- Positive electric charge, normally carried by protons.
- Negative electric charge, normally carried by electrons.
Similar charges repel each other and different charges attract each other. An object with no net charge is called neutral.
Electric charge is a fundamental property associated with subatomic particles. This property follows the law of conservation of energy and determines its behavior in the face of electromagnetic interactions.
An object equipped with an electric charge exerts a force at a certain distance on another object that has an electric charge. This concept can be compared to gravity, which makes one object attract another. However, gravity and electrical charges have two important differences:
- Charges of the opposite sign attract each other while charges of the same sign repel each other. Gravity is always attractive, never repulsive.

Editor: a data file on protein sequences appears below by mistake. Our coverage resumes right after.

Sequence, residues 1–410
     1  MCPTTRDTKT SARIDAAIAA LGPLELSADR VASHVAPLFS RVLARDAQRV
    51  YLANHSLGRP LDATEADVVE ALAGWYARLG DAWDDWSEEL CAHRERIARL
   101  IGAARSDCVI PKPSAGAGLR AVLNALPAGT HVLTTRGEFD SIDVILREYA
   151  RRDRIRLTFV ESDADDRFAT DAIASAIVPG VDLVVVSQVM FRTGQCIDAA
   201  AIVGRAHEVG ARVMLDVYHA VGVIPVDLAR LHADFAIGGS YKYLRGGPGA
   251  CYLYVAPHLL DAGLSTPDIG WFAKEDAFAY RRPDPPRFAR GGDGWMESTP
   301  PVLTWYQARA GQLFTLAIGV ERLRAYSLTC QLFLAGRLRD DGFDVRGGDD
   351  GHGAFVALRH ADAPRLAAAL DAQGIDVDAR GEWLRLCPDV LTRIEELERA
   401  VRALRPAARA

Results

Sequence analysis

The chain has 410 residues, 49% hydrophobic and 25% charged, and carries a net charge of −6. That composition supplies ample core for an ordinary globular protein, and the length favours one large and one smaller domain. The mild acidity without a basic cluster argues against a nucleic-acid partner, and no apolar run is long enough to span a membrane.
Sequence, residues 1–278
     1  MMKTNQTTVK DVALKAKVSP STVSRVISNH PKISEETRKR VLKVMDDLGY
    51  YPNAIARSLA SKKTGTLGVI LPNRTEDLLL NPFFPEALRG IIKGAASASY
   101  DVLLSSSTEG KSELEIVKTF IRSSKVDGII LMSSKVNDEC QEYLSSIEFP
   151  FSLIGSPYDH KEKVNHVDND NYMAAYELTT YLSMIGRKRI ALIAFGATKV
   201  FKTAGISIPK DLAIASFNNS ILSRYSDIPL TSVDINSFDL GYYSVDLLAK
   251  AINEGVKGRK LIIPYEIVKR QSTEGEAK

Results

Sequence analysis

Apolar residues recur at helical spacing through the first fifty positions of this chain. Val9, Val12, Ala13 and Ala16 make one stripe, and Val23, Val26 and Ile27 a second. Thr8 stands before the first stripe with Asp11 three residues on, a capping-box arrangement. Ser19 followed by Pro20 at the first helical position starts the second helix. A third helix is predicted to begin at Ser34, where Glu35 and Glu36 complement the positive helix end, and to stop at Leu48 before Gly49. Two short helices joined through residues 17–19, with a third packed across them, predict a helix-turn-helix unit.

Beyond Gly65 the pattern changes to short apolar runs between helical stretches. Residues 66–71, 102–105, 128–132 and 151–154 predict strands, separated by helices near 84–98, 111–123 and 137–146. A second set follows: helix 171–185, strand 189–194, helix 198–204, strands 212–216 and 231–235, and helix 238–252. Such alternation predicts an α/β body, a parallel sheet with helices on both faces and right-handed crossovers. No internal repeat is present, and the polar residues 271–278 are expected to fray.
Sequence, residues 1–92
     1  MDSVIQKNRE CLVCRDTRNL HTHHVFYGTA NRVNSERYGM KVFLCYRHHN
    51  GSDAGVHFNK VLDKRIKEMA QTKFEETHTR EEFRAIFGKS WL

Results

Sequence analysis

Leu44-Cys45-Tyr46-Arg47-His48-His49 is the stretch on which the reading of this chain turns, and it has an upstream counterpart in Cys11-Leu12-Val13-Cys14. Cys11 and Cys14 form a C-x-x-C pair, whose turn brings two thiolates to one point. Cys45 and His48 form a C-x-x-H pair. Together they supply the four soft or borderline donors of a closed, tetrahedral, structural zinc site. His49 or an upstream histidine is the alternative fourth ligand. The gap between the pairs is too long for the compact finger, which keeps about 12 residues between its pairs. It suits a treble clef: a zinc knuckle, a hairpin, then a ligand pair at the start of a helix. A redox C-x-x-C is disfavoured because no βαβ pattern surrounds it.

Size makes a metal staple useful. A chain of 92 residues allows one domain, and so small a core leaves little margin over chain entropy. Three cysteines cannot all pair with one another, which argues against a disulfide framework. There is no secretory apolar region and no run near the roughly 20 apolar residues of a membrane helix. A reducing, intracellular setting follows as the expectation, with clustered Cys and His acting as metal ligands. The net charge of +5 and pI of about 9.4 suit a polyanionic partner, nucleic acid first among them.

- The force of gravity is directly related to the mass of the objects in question, while the electric charge and the mass are not related when the objects are stationary.
The total amount of electric charges remains virtually constant in the world. Since the two types of charge have opposite effects, the general normal result is electrical neutrality or apparent lack of charge. Therefore, in order to observe the effects of loading on fairly large amounts of material, it will be necessary to disturb the normal equilibrium and produce excess loading on the object in a desired manner.
Electric charge on matter
Many solid substances have a crystalline structure, that is, their atoms are arranged in a regular three-dimensional grid. However, in some substances, the electrons surrounding these nuclei are not closely linked.